By pure chance I found a home seven hundred meters away. In fact, I moved in a radius of a few kilometers , taking a zig zag . Now I live again beside Via Padova , still farther from the city center than I was initially. Here is a middle ground, and there is no ethnic group that prevails. The bars certainly are Chinese. Slot machines grinding money seem to be a business of the Italian underworld. A dentist is Romanian. The Pakistanis have the store for Pakistanis. The intercoms are Slav. The restaurants are South American. A kebab shop every now and then (one of which will not see me again because they fed me reheated leftovers). The tavern is Sardinian. The newspapers stands are all Italian, which is not easy to explain. Just like it’s not easy to explain why the Italians here are mostly elderly, or fat, or both, an observation made by my Croatian friend, and of which I have been keenly aware ever since.
Of course we speak of the Italians who live in the outskirts, because when you go downtown you can find trim Italians using their iPads and some are even reading a book.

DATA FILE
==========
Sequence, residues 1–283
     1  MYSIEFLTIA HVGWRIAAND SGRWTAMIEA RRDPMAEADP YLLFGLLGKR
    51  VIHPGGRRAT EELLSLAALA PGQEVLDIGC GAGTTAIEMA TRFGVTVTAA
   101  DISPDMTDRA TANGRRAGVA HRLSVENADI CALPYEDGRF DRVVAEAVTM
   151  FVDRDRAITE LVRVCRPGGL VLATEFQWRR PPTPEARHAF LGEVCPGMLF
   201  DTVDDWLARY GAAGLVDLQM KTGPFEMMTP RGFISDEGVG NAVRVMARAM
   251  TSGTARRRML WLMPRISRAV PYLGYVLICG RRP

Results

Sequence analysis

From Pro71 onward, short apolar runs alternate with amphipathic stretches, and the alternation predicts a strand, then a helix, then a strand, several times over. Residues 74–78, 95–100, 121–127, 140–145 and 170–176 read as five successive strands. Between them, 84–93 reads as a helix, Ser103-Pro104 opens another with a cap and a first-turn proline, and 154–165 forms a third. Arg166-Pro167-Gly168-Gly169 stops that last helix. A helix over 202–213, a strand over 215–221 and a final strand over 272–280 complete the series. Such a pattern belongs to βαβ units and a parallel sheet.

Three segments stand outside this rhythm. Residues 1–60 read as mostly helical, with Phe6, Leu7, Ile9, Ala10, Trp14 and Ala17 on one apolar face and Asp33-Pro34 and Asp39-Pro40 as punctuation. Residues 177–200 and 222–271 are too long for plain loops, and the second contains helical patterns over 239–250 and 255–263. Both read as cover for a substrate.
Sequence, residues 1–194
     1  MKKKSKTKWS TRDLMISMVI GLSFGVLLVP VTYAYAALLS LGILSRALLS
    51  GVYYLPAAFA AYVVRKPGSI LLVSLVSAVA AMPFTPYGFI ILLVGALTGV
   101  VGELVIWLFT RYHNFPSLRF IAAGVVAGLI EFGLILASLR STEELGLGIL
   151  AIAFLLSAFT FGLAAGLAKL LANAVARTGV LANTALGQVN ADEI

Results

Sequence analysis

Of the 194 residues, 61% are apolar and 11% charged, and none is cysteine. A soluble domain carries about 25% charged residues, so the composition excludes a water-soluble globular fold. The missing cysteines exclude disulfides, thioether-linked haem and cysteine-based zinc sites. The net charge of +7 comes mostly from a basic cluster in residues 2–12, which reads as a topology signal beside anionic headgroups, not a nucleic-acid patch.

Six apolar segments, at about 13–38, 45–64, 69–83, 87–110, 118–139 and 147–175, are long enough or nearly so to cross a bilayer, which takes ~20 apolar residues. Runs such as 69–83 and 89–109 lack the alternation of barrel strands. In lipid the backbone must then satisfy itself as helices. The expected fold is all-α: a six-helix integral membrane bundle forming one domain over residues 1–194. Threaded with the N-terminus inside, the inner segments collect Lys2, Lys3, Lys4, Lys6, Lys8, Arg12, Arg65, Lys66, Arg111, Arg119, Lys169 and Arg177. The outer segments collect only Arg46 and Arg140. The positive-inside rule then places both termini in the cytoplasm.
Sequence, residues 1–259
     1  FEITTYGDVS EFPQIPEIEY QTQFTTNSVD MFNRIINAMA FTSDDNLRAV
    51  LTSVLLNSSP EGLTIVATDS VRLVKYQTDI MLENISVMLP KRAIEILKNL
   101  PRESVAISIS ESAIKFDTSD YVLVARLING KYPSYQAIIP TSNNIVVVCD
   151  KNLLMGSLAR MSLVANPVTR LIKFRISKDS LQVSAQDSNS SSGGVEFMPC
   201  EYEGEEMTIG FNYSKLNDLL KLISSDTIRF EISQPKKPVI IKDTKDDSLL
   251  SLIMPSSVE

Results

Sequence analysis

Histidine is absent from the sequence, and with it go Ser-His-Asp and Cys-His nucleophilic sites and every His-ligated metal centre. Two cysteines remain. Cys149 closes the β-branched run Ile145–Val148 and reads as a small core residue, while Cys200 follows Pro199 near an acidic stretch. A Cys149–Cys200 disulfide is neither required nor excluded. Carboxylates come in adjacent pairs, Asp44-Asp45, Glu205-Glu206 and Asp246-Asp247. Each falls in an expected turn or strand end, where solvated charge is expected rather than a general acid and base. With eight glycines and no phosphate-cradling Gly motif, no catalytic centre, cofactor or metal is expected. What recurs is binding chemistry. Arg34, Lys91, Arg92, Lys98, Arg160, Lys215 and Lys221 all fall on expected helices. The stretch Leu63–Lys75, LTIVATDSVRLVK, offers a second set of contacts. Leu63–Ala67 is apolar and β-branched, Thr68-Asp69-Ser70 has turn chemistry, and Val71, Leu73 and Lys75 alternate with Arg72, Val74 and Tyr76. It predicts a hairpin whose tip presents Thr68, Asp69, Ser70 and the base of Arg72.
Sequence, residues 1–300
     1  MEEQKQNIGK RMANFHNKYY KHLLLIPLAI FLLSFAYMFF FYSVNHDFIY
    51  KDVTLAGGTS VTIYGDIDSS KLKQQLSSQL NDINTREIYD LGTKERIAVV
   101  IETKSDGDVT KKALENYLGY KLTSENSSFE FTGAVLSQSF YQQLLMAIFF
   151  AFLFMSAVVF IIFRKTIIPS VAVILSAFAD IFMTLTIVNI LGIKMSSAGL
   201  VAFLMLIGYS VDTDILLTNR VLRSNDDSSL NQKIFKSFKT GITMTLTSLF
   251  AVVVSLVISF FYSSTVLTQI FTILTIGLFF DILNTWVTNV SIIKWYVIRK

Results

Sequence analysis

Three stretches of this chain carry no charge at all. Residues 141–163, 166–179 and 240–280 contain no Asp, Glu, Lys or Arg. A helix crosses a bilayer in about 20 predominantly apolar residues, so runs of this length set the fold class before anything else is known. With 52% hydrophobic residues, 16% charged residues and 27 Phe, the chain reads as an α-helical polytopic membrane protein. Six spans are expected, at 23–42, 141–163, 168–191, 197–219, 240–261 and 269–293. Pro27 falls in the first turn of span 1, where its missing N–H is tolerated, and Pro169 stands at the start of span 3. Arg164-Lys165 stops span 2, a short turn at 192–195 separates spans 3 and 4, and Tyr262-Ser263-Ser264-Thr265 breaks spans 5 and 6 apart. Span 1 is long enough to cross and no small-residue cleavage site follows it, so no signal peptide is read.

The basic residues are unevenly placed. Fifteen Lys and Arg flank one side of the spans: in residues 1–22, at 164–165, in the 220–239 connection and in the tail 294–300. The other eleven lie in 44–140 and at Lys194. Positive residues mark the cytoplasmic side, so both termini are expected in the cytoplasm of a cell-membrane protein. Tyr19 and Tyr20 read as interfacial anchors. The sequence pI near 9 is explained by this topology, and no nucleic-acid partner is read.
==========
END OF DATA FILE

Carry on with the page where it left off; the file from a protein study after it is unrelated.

Now I can call myself a denizen of Via Padova , even though my piece of it is actually called Ponte Nuovo, or Martesana , or even the North East for the less curious. I have taken a taxi to come home, and have found myself making jokes with the driver about the neighborhood. Taxi drivers belong to the discontent, those who look and say they don’t feel like they are in Italy any longer. When I lived in Madrid, a taxi driver asked me if he could masturbate, because I aroused him. So taxis never troubled me much. But we can discuss this elsewhere... I meet so many people, especially young people, that are all enthusiastic about the idea of living in Via Padova, but in the meantime they adapt to any place as long as it’s not Via Padova. Because the contradiction is there to live every day. Like the stereotype. The kebabs stink, the whores show off their miniskirts, the Slavs drink too much. And the Italians are fat. Rarely in Via Padova will you happen upon a celebrity, whose picture you will want to post on Facebook. Here roam just a few hipsters. No models. There are no Fair Trade store windows.